The impending nuptials of Kate and Wills remind the <em>New Statesman</em> editor of another royal w
When I was about 11 years old I had a picture of the American flag on my wall.
It seems that when you have just stepped down as president of the Royal Society, life can get a little dull - even if you are still Master of Trinity College, Cambridge, a knight of the realm, then a life peer, Astronomer Roya
The lovely weather combines, unfortunately, with the continuing loss of the shower in the Hovel.
Governments have long been reluctant to draw attention to the links between mental health and socio-economic factors.
The actor/director Simon Pegg describes his initiation into the Twitterverse.
More and more people are using public transport to get from one place to another.
The Peter principle states that employees are promoted to the point where they become incompetent - and there they remain, doing a crap job.
The English passion for gardening, which George Orwell identified (along with bad teeth) as being among our chief national characteristics, has unearthed many writers of unusual talent and scholarship, from Vita Sackville-West
Boy, do the Americans know how to christen a war. Odyssey Dawn is the latest in a theatrical line of military operation monikers.
And it just gets better.
From 9/11 to the Japanese tsunami, it seems to be modern nature to want to find tenuous personal lin
We all try to resist the cliché that, as a nation, we're obsessed with failure but it's hard to miss the glee in the papers when a story comes up like this: a woman in Southwark has failed her driving theory test for the 90th
I am still fuming, so to speak, with the news that the government intends to ban the display of cigarettes and tobacco from all shops by 2015.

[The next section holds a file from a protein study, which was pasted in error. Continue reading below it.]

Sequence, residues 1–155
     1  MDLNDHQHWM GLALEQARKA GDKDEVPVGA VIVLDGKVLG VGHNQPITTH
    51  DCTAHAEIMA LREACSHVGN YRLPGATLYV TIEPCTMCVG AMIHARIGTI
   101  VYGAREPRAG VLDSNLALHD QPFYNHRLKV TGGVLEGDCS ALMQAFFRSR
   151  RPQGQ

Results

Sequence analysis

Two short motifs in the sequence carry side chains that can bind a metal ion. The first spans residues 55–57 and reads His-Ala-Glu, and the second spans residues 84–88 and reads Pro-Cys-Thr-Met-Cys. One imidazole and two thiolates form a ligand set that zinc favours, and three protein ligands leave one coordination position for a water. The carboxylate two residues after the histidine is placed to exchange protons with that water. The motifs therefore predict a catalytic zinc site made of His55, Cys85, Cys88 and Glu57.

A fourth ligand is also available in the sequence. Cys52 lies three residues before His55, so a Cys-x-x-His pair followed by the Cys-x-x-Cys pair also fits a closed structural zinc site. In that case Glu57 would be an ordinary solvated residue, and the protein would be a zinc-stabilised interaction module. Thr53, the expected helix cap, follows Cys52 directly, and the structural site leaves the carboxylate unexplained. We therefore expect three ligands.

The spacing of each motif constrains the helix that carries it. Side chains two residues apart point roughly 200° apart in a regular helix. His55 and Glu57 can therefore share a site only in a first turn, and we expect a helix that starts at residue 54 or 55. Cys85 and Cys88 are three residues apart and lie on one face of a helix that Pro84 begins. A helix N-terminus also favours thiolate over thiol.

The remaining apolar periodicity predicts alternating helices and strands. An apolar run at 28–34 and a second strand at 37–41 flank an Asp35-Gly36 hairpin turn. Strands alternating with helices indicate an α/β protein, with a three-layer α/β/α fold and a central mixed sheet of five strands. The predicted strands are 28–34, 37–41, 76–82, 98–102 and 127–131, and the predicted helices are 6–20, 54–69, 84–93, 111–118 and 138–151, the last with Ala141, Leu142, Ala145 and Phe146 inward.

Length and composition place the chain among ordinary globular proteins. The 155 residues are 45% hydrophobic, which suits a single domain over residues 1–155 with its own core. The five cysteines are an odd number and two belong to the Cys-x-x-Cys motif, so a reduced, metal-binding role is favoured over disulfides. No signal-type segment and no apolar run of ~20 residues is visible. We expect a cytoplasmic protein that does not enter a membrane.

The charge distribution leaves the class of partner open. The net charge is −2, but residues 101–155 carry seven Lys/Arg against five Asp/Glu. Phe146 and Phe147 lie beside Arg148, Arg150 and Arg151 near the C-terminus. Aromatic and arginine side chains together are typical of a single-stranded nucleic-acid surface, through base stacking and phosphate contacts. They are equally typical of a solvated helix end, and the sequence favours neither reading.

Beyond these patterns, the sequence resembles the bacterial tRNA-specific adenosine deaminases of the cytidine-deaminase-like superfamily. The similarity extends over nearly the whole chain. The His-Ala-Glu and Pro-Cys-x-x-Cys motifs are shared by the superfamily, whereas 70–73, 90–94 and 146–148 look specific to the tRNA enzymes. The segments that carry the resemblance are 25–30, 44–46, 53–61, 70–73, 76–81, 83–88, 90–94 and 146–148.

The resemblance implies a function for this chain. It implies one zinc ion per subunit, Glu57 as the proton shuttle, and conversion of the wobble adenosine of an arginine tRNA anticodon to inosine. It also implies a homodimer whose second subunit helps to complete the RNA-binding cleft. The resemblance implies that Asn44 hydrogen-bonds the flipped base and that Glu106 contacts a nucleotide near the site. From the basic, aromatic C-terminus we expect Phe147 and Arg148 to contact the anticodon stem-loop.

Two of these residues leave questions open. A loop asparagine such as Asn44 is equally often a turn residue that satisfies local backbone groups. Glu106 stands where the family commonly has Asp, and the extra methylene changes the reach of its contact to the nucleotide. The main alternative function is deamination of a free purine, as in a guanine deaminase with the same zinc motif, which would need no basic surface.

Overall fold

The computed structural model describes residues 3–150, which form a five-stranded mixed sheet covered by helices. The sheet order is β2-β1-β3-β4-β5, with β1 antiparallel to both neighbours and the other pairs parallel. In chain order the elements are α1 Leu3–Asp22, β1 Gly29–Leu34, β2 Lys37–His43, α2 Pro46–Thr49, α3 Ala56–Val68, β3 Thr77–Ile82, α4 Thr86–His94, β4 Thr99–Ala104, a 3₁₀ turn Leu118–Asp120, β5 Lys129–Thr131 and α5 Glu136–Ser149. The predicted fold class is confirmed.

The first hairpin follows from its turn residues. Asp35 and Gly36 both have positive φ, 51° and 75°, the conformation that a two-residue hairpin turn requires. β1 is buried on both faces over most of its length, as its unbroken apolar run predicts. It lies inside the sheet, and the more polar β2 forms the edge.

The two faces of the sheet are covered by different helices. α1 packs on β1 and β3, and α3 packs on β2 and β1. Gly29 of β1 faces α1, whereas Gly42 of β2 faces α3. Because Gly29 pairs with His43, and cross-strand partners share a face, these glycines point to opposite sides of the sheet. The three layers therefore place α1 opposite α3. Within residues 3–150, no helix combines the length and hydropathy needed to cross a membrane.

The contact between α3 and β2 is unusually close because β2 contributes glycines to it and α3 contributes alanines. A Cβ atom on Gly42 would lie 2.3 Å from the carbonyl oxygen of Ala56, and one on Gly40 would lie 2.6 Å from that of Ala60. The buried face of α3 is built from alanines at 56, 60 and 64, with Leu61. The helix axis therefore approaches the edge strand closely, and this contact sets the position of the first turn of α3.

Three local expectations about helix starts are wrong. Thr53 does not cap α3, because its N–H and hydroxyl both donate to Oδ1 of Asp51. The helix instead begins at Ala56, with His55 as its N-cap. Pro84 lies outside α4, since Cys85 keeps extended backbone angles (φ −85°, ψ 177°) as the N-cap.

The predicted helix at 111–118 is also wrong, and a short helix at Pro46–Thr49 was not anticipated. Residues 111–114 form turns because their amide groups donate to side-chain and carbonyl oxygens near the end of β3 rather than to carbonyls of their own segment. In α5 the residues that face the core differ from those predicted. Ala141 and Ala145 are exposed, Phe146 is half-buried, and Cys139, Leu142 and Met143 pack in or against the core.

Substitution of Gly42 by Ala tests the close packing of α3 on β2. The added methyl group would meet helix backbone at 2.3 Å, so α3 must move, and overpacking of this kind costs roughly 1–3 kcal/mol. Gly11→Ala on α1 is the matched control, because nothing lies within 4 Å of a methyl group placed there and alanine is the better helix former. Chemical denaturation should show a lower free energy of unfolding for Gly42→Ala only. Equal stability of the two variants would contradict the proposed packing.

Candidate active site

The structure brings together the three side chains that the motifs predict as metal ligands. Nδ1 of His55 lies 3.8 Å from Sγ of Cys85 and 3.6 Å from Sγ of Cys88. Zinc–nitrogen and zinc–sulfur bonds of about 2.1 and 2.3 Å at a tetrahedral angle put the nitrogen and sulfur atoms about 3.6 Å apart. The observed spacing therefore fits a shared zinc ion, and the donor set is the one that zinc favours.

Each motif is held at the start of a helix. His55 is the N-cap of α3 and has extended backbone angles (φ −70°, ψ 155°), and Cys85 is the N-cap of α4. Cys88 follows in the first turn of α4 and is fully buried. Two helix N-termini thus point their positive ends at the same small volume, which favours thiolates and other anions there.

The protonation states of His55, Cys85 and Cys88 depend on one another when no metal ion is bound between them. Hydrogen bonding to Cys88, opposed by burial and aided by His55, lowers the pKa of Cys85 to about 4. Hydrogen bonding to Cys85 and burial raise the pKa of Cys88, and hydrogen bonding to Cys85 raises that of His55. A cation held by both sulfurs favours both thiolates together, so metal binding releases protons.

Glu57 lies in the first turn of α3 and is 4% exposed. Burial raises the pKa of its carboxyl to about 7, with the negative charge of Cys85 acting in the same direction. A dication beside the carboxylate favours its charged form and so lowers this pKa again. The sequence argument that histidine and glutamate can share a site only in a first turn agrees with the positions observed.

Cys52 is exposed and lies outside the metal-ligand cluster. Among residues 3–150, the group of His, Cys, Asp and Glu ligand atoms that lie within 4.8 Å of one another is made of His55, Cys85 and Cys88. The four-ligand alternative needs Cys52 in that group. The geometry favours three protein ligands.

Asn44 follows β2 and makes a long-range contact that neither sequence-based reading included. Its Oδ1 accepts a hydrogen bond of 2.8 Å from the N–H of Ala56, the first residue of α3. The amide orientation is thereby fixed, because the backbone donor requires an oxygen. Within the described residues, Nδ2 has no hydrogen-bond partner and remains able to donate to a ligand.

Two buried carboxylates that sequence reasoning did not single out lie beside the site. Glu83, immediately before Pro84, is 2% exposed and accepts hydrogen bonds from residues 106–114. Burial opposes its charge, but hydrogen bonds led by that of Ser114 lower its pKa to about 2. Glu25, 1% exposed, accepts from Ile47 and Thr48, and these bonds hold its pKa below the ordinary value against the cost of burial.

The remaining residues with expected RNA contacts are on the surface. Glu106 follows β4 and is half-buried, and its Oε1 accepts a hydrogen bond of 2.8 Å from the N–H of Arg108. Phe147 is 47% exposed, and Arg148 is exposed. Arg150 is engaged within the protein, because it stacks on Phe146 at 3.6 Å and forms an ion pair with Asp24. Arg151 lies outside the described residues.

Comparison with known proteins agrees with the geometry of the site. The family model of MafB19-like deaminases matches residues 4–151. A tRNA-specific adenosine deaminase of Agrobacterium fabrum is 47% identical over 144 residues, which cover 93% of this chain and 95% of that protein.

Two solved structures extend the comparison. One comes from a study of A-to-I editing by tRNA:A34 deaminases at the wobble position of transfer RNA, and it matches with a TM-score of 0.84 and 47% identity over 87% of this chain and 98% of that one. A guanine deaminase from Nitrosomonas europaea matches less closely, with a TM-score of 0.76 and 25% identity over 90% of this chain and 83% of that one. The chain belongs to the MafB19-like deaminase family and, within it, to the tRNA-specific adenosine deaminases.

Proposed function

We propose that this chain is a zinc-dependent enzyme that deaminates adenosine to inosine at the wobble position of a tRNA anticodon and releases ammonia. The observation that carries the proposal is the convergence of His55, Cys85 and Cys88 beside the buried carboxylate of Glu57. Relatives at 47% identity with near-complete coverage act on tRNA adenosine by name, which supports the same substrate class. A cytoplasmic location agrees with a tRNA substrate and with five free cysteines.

What I learned at the porn industry's annual awards ceremony.
Since I have the gall to pontificate fortnightly on the places where people actually eat, it seems only meet that I should occasionally 'fess up to my habitual gnawing spots.
A letter from a Mrs H of Blaenau Ffestiniog. In it, she is very nice about this column, but she cannot abide my occasional use of four-letter words. I think she is referring to the time I described myself as a Jeremy Hunt.
The actor has brutalised the women in his life for years, but the global press is more scandalised by his drug habit.
There’s a reason memoirs are so popular. They satisfy a
primitive human instinct – curiosity.
As the clean-up continues after the Christchurch earthquake, it is worth reminding ourselves how recently we gained any understanding of the earth's interior.
I write this in a precarious state, on a laptop that may conk out any minute. The socket at the back where the power-supply cable goes in has gone wonky: the juice simply isn't getting in.
As we mark 100 years of International Women’s Day, Natasha Walter argues that British feminism is sh
The problem with racism and sexism in fashion goes far beyond one slurring fantasist.
“Someone who has a nanny and a PA isn’t really Superwoman”
I'm more loyal to Caffè Nero than I am to any other institution.
A lot of questions arise from The King's Speech, the recent film in which - spoiler alert - a king can't speak very well, but then manages to, thanks to an Australian.
It's been a fantastic three months for those of us gripped by the dynamics of crowds.
To my bed, with the curtains drawn and a cold, damp flannel pressed to my eyes. Fury, I have discovered, brings with it many of the symptoms of migraine: pain, nausea, fatigue.
TV has spoken; the printed word has had its day.